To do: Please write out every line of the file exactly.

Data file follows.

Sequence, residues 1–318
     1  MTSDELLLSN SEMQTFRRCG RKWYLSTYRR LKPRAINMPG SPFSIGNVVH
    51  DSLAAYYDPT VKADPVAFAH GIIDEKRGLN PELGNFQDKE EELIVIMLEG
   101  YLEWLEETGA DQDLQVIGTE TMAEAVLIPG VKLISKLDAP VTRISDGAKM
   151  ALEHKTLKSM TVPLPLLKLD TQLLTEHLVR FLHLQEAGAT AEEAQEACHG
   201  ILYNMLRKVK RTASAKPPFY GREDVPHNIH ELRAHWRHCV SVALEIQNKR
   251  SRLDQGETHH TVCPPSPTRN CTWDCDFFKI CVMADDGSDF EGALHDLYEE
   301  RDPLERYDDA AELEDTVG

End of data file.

Sequence, residues 1–318
     1  MTSDELLLSN SEMQTFRRCG RKWYLSTYRR LKPRAINMPG SPFSIGNVVH
    51  DSLAAYYDPT VKADPVAFAH GIIDEKRGLN PELGNFQDKE EELIVIMLEG
   101  YLEWLEETGA DQDLQVIGTE TMAEAVLIPG VKLISKLDAP VTRISDGAKM
   151  ALEHKTLKSM TVPLPLLKLD TQLLTEHLVR FLHLQEAGAT AEEAQEACHG
   201  ILYNMLRKVK RTASAKPPFY GREDVPHNIH ELRAHWRHCV SVALEIQNKR
   251  SRLDQGETHH TVCPPSPTRN CTWDCDFFKI CVMADDGSDF EGALHDLYEE
   301  RDPLERYDDA AELEDTVG